When I saw this wine I read the back label and found that it is an homage to Wolf Blass himself and so I jumped at the opportunity to try it.
Hopefully it entertains the palate as much as he entertained the world.

Price: $17-18

Notes: The wine pours into the glass a dark purple with cherry red hues. The nose betrays the juicy, fruit forward, hedonistic wine this turned out to be. Aromas of juicy red and black berries, pastry and hints of smoky
pepper join a rich, textured palate to make a very enjoyable glass.

I would highly suggest this wine for a romantic comedy movie night or when you have friends over for light and enjoyable evening. It speaks well to fun loving nature of Wolf himself.

Score: 7.5/10 ~ Over Delivers

It pairs really well with mild cheeses, hot dogs, grilled chicken and
mashed potatoes, and plenty of comfort foods.

Section: Australia

If you have the opportunity to try this wine, please let me know your thoughts.

Cheers

Dork UnCorked

Jackson-Triggs Reserve or Black Label 2012 Merlot

January 13, 2015 § Leave a comment

Score: 6.8 – Good Drop2015/01/img_0685.png

Price: $14.99

About the Wine: Classic Merlot nose of plum and spice. Dark purple in the glass and the palate is ripe and round with flavours of plum and hints of black currant. The finish is juicy, with soft tannins and has a medium length.

Value: The simple economics of operating a winery makes it really difficult to produce a quality BC grown wine for under $20, so I have to give this wine some kudos for being able to deliver this kind of quality to the market year after year. To that end I would likely save a buck or two and pick this wine over Fetzer Merlot or $15-$17 Chilean Merlot. Would I trade up from $12 South American Merlot? Yes if it was straight merlot, not likely if Carmenere was in the blend. In fact I would choose a $12-$14 Chilean Carmenere over this wine.

Added Value: This wine has added value for those having a BBQ or looking for a Crowd Pleaser wine for when the family comes by.

More To The Story: This wine is indicative of the unique character of the wine business in B.C. The identical wine is sold under two different labels. One label, Reserve, is for BC Liquor Stores and the, Black Label Series, is for private stores. The craziness of the current system means that a wine sold to BC Liquor Stores isn’t worth carrying in private stores, so for the winery to gain distribution in private stores they had to create a second model. It is the the BC liquor industry’s version of a TV model for Future Shop and one for Wal-Mart, although they are the exact same TV.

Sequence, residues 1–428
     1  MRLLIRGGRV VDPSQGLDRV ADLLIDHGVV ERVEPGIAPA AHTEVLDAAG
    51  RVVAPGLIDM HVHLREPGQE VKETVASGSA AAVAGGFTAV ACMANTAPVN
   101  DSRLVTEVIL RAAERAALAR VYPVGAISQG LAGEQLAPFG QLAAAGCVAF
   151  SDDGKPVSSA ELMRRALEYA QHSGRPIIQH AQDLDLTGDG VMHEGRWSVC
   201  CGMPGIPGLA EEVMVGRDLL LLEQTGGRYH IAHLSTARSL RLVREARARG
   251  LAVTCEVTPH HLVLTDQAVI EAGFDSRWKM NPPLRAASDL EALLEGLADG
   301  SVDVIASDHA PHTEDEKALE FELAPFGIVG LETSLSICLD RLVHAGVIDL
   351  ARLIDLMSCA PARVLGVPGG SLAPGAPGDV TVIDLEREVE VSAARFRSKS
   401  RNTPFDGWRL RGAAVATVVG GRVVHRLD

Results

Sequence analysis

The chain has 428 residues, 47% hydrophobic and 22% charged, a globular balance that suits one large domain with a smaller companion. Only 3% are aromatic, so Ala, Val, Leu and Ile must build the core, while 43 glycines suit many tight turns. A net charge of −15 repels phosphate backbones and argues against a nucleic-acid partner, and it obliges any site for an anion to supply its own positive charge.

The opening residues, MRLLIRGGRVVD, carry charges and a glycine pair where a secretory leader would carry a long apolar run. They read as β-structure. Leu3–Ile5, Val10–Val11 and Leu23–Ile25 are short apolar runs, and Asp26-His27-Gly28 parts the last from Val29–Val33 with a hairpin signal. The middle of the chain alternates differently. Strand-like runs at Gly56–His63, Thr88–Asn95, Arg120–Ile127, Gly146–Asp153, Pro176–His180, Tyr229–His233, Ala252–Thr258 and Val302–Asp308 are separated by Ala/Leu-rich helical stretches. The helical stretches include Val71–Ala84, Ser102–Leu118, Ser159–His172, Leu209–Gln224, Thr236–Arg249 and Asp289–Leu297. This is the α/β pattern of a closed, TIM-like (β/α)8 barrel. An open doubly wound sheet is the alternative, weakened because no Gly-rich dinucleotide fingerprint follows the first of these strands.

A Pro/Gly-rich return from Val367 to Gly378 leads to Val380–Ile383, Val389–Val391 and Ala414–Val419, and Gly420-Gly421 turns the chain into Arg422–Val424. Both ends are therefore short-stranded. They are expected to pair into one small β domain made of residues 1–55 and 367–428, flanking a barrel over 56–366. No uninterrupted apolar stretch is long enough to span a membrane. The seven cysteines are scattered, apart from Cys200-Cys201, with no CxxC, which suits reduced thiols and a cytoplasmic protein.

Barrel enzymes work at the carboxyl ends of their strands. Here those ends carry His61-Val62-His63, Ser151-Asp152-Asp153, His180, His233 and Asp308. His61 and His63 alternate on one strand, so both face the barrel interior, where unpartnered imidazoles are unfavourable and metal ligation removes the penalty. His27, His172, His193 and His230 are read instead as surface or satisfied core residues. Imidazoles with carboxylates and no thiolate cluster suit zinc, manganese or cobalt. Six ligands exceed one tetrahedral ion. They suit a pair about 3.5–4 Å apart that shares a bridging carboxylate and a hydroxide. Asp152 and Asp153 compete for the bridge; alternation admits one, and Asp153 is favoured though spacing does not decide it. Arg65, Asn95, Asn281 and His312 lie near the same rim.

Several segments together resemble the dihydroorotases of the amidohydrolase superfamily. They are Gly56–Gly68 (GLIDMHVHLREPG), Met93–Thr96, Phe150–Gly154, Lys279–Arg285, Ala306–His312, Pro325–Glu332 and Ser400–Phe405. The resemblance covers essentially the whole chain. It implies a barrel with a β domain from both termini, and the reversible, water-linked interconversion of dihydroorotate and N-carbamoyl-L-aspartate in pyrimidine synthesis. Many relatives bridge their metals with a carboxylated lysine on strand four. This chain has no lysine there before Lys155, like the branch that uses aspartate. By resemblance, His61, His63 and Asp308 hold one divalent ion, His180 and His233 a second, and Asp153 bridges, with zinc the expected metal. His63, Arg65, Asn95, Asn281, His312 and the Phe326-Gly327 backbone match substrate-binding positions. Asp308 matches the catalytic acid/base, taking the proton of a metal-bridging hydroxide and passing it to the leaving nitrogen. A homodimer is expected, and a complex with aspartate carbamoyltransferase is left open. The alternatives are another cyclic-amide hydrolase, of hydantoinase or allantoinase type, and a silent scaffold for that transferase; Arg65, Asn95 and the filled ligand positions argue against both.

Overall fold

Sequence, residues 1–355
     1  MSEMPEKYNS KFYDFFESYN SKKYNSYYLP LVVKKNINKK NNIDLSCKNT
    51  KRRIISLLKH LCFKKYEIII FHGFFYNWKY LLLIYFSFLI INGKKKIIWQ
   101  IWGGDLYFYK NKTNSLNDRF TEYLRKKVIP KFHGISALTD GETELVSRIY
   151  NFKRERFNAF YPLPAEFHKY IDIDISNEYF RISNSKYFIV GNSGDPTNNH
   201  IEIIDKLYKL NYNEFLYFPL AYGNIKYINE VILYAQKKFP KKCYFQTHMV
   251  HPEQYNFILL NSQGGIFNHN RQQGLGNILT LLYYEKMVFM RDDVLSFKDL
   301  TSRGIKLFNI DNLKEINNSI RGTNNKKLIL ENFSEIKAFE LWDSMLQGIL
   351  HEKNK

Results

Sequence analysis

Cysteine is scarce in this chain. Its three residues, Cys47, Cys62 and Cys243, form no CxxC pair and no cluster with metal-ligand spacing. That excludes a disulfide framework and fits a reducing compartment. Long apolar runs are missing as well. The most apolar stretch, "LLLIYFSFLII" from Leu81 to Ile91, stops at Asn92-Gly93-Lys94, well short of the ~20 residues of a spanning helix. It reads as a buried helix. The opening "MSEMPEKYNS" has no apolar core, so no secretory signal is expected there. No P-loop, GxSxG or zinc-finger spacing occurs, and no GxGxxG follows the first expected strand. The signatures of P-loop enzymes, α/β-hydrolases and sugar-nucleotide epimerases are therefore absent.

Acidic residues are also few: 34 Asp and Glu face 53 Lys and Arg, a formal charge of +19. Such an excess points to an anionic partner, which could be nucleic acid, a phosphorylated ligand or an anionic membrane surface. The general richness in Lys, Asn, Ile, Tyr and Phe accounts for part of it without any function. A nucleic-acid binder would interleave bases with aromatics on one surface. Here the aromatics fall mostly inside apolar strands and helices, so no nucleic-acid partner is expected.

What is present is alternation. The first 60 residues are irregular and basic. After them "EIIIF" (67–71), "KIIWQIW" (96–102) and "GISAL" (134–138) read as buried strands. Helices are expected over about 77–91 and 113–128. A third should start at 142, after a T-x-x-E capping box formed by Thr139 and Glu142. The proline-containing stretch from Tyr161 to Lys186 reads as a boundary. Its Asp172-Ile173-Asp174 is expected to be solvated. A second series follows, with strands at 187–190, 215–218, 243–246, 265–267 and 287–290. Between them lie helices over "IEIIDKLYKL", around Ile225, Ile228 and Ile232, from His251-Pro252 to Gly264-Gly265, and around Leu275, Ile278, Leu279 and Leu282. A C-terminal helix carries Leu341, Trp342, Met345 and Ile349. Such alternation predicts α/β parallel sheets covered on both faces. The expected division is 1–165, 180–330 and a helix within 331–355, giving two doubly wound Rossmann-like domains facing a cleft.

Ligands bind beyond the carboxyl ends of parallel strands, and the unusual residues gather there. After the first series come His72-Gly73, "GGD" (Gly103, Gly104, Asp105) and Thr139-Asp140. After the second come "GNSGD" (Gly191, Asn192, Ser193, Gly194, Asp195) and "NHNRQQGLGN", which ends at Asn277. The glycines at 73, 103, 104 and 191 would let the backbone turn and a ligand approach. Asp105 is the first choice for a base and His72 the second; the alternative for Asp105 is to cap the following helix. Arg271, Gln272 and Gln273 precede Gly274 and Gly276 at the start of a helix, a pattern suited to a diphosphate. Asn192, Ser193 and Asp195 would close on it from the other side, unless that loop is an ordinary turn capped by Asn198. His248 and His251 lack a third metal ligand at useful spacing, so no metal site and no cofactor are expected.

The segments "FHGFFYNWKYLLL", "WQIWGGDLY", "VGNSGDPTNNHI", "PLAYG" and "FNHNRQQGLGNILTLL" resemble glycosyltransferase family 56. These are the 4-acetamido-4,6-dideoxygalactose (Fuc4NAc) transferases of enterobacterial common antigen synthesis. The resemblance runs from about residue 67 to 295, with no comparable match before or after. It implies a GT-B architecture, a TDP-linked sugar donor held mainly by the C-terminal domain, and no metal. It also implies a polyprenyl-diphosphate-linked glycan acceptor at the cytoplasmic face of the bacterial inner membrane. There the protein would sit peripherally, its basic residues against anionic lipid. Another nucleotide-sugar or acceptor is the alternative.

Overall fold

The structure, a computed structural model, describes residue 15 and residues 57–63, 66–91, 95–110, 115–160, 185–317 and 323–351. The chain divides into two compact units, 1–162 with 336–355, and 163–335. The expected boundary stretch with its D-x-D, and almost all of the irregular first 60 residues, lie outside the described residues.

Service: Twist the cap and serve. No need to breathe just let it rip. As for food I would serve this with grilled steak or a roast chicken.

Grapes: Merlot

Store Section: BC/VQA

Appellation: Okanagan

Available: BC Liquor Stores, Everything Wine, Legacy Liquor Store, Metro Tuscany Village

Buy Online: Everything Wine, Legacy Liquor Store, Metro Liquor Stores

Alcohol: 12.5%

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BC Liquor Updates: Separation of BCLDB Retail from BCLDB Wholesale

December 1, 2014 § Leave a comment

Along with wholesale pricing (see: Wholesale Pricing, & Wholesale Pricing Premium Products) the government and the BCLDB announced the separation of BCLDB Retail from BCLDB Wholesale. For those not in the industry, this may not seem like a major step, for those in the industry, this has the potential of being a game changer.

I have been in this industry for over 20 years and there is only one thing true about changes to the industry, they are evolutionary rather than revolutionary. The separation of LDB retail from wholesale is a big step in the evolution of the industry. Afterall no one in their right mind would suggest that it is a level playing field if one player was not only in charge of pricing, selection and distribution, but was also competing as a retailer.

So what details were released about this separation? None, which gives me a blank canvas to list what it would mean to me, so I will start with how it works today and contrast that to how it should work if the playing field were to truly be level.

The Present

Selection

Right now every product, whether made in or imported to BC must first be registered and approved of by the BCLDB regardless of what the market plan for the product. What this means is that BC LDB has veto power over products that are not intended for their own stores, even if the product has been specifically purchased by a private retailer or restaurateur for their own operation only.

At present the only way a private retailer can prevent other retailers from getting a product is by buying it all, however BCLDB retail can apply a ‘cross-dock’ over any product which prevents anyone but the LDB from buying that product. This embargo can last months if the BCLDB decides so. The LDB does this every year with the Bordeaux and Whisky releases.

Distribution & Inventory

At present every BC Liquor Store in the province can see the inventory levels of every product in the province; how many cases are at the LDB Warehouse, how many cases are at the agent’s warehouse and how many cases are ‘on the water’. Private retailers don’t have access to this information.